Art works, under the theme of ‘Layered Narratives’ flank on one side of the wall along the travelators, the moving walkways, in the Arrival corridor of T2. These specially commissioned artworks of over more than 25 of the contemporary Indian artists, some of them known and some yet to be known, give the visitors a snapshot experience of the Indian city that they are about to enter. Installations, executed in varied materials and surfaces besides wood, glass and paint include trans-disciplinary medium, recycled materials to create some static and some kinetic artworks to bring out the various shades of tangible and intangible aspects of this living entity which the city of Mumbai almost is.
Intended as an introduction to Mumbai and by extension the generic city that exists everywhere, they were conceived to reveal the fluid nature of India’s evolving urbanism. Persistent physical and emotional scapes, varying aspirations and apprehensions, dynamic perceptions and technologies, narrowed down the art-craft divide while making the old and new seamless.
WHERE’S THE PARTY TONIGHT?
Alexis Kersey’s title "Where’s the party tonight?” alludes to the energy of Mumbai, where life never stops. In a smile-inducing tableau, he combines the cosmopolitan spirit of the city and its accepting ways of assimilation. An immigrant looking for a better future or a returning emigrant looking for the omnipresent party, Kersey makes place for them, in this tight, narrative squeeze.
“The idea of the party came about from living in Goa” says Kersey. “Goa has become a party destination with a very international vibe and all these guys who had migrated overseas are returning to India because this is where the party is at!” Raised in England, Kersey returned to India in his late teens, and combines Western and Indian sensibility in his work. Inspired most by popular culture, he melds it with traditional craft techniques.
He alludes to the ‘business’ that drives the party by using pinstriped fabric fashioned into clouds at one end of the panel. This is the stage for his party, where in a world of globalized fashion trends he presents a punk rocker replete with tongue, ear, lip and eyebrow piercings, a Mohawk hairdo and a cheeky expression, yet one who has a distinct Indian identity – gold and diamond bali rings festoon the face. “I wanted to have a figure that represented this sense of self, of modernity.”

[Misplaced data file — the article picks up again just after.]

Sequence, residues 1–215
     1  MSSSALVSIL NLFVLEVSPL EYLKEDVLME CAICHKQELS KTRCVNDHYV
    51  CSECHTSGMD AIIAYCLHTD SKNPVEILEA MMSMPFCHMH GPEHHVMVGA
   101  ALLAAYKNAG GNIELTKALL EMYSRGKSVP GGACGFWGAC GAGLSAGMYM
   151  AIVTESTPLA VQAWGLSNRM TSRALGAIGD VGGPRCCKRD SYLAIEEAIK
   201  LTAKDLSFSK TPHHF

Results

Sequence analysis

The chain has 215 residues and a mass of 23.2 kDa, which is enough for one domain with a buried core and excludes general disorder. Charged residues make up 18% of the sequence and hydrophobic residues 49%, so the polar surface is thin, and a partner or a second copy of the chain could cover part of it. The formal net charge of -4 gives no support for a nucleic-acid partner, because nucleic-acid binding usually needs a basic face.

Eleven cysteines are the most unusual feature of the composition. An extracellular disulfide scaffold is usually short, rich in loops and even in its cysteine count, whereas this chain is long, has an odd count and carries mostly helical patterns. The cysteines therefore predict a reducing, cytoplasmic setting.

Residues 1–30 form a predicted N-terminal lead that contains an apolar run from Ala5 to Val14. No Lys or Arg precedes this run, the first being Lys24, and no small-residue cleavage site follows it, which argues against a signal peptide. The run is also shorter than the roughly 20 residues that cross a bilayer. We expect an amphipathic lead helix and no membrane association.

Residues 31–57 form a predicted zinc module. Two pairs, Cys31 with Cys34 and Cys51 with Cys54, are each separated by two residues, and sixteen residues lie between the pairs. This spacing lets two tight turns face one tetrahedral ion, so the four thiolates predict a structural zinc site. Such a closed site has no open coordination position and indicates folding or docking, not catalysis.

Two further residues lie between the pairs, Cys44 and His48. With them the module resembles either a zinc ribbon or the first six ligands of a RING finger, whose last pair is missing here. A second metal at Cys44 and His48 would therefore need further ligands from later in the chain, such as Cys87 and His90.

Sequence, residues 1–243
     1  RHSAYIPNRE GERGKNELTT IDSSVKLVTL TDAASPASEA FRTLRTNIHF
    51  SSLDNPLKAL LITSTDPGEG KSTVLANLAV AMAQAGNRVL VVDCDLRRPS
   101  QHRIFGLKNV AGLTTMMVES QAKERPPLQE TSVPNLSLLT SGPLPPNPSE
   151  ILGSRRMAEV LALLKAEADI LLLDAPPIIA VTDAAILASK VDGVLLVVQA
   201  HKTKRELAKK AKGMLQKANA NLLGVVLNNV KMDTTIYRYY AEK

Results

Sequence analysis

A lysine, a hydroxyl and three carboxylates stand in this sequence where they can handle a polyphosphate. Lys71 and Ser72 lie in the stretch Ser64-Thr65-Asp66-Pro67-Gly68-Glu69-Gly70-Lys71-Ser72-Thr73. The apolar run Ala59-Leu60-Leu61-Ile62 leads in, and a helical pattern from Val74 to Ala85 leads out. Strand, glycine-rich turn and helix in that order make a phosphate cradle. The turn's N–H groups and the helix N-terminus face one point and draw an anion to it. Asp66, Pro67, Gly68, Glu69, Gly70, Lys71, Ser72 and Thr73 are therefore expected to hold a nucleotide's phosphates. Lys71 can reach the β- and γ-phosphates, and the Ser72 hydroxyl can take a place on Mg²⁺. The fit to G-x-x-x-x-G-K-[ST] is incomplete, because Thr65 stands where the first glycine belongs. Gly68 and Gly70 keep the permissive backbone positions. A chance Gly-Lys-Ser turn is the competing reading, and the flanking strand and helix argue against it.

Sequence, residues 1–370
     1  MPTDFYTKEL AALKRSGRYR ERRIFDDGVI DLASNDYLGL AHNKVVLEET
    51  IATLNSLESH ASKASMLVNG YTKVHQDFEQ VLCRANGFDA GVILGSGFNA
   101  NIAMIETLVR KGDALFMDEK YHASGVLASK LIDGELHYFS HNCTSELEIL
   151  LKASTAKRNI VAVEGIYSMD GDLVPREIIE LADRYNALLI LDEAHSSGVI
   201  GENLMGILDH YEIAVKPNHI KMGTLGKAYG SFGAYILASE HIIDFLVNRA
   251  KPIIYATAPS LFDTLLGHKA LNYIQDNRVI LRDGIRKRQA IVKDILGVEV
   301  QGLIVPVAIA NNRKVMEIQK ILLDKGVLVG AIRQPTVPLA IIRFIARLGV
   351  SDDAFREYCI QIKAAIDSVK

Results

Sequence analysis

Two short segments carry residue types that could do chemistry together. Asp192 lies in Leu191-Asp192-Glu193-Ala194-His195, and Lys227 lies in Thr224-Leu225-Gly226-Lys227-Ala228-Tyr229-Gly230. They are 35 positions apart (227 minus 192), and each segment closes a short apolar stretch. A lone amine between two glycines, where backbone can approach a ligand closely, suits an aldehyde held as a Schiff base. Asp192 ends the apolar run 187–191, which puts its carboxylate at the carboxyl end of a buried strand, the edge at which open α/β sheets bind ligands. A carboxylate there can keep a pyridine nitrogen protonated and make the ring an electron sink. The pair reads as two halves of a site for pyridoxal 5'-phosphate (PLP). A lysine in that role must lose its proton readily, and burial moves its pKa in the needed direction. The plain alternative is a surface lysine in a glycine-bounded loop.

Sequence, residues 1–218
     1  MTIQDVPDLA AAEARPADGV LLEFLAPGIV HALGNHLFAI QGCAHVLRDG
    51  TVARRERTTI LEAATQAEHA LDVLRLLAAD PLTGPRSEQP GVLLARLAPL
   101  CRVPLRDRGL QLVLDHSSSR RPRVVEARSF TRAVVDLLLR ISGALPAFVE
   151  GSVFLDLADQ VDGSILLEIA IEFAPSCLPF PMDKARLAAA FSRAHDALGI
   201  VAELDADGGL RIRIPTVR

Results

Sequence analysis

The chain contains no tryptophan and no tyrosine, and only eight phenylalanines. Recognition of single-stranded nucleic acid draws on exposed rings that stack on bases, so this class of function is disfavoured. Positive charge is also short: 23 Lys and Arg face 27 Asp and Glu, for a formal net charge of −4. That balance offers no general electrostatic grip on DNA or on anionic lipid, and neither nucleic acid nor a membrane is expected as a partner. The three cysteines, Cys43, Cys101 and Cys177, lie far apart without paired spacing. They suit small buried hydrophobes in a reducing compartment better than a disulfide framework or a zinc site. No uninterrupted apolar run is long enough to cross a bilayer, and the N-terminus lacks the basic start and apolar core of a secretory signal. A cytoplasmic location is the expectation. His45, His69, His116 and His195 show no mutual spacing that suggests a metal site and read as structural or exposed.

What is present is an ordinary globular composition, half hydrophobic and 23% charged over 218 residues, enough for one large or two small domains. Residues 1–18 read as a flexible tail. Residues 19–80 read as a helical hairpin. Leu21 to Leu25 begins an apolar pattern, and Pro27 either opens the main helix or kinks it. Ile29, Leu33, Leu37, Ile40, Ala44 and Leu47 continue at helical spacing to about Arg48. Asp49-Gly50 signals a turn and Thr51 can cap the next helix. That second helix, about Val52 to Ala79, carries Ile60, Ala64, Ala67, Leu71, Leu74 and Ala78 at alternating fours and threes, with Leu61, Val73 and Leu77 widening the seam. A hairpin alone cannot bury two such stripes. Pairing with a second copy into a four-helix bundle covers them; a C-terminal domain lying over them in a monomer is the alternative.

A DJ continuously spins the music, youngsters (drawn in the mode of popular children’s books illustrations) cavort around as successful Indians from overseas, dressed in costume particular to their adopted country, return to the inclusiveness of an India taking its place in a globalized world.
At the centre of the panel lies the city itself. A soaring, burdgeoning mass of towers, in a never-ending rise to the stars. Using the traditional marquetry technique, various hues of inlay add texture to this multilayered narrative. With reflective plastics, steel, aluminium, brass and copper, Kersey gives existing craft techniques a sense of contemporaneity, capturing the ubiquitous landscape that these shiny new towers currently populate our city skylines with.
The first thing that strikes a viewer, about Vibha Galhotra's large tapestries of a city's landscape, is the material. Hundreds of different shades of ghungroos or anklet bells are stitched on to canvases: graded from light to dark, silver to gold, the clusters of ghungroos create tonalities, depth, perspective and demarcation, in what is otherwise a flat tapestry.
The work is in no way decorative or feminine. It is a reflection on the nature of our times, a way of mapping the changes we see around us. The concrete urbanscapes, quintessentially man-made, are rendered in a medium that still retains a sense of an older civilization and organicity. I wanted to reflect on this new unimagined world and the relationships it spawns," she says, with an ambiguous mix of optimism and fatalism.
"I call these works 'remade landscapes' as they are as much about deconstruction as they are about construction." According to Galhotra, making an urban landscape that resembles Mumbai came with its own set of challenges. "Since I live and work in Delhi, I can't help but view Mumbai from an outsider's perspective. My intention was not to represent Mumbai per se but to create a generic city, tapping the haphazard urban development one sees in contemporary Mumbai as well as other Indian cities." Galhotra uses elements, such as the ubiquitous earth-mover and the cranes, that tower over the shanty-like structures of clapboard houses, almost like punctuation marks in an unending sea of tiny houses that appear to grow one into the other. Humans, who build and inhabit this maze of concrete clapboard houses, are almost spectral elements, counterpoints to the massive earth-movers and cranes that dominate the composition. "To me the cranes and earth-movers are like living creatures-little monsters," says the artist, whose large inflatable earth mover titled 'Neo Monster' (2011), was shown at shopping malls, northern suburbs in New Delhi and at the Colombo Biennale.
In the hustle and bustle of an airport that never sleeps, Dilip Chobisa’s work offers the viewer a few moments of silent refuge. Chobisa’s artworks offer the viewer a meticulously detailed interior ‘magical’ world where each object and scene, however mundane, is endowed with poetic meaning.